(2) It is important to determine the exact enzymatic activity for each EXT and AGP GT. In other words, does the GT act on all or only a subset of EXTs or AGPs? What is the peptide or glycan substrate specificity for each EXT or AGP GT? How do these GTs regulate the extent, length, sequence, and heterogeneity of the sugar additions?

(3) Clearly, multiple EXT and AGP GTs exist and catalyze identical, or very similar, enzymatic activities. Thus, it becomes important to determine whether these genes are redundant, partially redundant, or non-redundant. Such determinations are likely to involve examination of organ/tissue-specific expression patterns, elucidating substrate specificities, and genetic mutant analysis.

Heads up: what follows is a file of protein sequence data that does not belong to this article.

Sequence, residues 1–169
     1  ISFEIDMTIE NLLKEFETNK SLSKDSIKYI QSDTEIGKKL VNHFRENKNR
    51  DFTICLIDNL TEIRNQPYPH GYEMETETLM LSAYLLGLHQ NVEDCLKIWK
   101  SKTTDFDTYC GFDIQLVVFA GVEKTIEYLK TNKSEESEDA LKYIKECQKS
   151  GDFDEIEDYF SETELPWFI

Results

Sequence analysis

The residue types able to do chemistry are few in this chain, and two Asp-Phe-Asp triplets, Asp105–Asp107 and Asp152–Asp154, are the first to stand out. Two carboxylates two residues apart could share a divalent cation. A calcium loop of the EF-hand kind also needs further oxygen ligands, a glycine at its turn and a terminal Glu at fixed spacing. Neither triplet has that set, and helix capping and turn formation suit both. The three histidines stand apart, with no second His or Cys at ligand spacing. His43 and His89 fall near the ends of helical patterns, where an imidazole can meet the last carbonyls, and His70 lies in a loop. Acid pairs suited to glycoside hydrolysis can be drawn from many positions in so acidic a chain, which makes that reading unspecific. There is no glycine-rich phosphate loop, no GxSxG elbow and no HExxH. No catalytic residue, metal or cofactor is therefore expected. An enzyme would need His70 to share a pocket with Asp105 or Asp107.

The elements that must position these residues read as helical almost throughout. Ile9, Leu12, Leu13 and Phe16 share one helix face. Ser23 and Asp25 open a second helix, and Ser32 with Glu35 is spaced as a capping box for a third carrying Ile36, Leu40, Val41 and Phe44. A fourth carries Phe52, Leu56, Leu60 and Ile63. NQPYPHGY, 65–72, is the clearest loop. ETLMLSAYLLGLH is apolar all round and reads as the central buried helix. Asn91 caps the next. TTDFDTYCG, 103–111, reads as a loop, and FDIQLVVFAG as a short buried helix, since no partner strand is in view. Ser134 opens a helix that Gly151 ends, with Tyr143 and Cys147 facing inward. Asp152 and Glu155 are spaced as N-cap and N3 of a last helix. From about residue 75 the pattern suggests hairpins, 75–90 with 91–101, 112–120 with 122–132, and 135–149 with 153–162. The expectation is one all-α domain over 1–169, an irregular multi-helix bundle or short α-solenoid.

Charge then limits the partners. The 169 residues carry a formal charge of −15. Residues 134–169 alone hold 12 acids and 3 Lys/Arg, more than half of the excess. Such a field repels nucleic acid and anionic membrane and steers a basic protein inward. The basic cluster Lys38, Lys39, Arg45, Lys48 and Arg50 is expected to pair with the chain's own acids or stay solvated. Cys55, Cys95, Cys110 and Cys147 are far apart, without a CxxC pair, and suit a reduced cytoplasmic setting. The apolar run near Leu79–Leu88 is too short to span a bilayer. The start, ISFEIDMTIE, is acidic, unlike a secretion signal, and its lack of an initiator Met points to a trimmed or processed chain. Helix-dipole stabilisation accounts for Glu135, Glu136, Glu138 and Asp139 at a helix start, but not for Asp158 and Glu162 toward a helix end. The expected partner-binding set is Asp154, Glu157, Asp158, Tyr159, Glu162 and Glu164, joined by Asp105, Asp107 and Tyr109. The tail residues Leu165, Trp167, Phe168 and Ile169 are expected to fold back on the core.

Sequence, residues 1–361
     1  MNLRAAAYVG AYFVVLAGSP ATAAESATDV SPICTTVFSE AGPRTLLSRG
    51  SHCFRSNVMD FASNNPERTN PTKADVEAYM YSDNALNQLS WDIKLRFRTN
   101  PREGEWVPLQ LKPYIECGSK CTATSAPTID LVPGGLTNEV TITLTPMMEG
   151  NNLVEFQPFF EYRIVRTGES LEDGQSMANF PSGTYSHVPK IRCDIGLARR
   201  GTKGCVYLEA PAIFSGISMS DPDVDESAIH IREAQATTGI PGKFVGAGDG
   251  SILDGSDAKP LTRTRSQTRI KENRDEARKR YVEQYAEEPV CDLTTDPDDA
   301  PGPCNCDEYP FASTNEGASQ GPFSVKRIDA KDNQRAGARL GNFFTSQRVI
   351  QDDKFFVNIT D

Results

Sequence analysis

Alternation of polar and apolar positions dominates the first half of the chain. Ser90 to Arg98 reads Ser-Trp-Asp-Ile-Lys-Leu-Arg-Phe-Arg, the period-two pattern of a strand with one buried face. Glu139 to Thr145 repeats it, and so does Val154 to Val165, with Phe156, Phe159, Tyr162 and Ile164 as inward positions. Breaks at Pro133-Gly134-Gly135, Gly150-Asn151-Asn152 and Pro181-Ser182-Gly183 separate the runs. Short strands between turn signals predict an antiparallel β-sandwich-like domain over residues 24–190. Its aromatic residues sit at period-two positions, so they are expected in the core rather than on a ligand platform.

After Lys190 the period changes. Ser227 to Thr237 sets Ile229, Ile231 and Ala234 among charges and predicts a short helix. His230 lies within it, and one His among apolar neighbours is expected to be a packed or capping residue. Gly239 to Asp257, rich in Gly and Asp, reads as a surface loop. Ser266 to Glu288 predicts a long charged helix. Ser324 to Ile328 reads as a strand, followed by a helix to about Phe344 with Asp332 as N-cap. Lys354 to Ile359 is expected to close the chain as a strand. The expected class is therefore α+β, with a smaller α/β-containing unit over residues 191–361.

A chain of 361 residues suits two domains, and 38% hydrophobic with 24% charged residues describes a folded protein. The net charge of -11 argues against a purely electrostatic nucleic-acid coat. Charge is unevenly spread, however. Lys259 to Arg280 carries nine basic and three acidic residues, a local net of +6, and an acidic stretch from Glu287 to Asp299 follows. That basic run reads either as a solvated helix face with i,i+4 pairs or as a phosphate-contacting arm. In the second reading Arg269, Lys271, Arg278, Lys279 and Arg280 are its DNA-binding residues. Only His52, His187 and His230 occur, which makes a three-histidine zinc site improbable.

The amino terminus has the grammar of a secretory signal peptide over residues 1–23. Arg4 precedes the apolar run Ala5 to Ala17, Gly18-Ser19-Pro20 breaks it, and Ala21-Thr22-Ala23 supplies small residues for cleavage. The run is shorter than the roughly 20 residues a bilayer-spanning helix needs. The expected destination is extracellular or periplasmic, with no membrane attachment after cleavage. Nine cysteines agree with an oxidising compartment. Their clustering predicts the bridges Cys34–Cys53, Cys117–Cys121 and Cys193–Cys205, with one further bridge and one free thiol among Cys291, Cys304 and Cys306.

(4) For some AGP hydroxyproline O-β-galactosyltransferases, namely GALT2-6, what is the function of the GALECTIN domain?

(5) Do EXT and AGP GTs act cooperatively and in enzyme complexes? To date, only one study has provided support for this idea (Dilokpimol et al., 2014).

(6) For the GT mutants, it becomes important to know exactly which EXTs and AGPs are modified and the chemical details of such modifications in order to relate structure to function.

(7) It will be useful to grow and examine the various GT mutants side-by-side under identical environmental conditions, ideally in the same laboratory, to ensure accurate comparisons.

(8) Higher order GT mutants, particularly in cases where gene families encode a particular EXT GT (e.g., RRA1–3) or AGP GT (e.g., GALT2–6, HPGT1–3), should be produced and examined for functional redundancy.

AGPs as Extracellular Sensors or Signals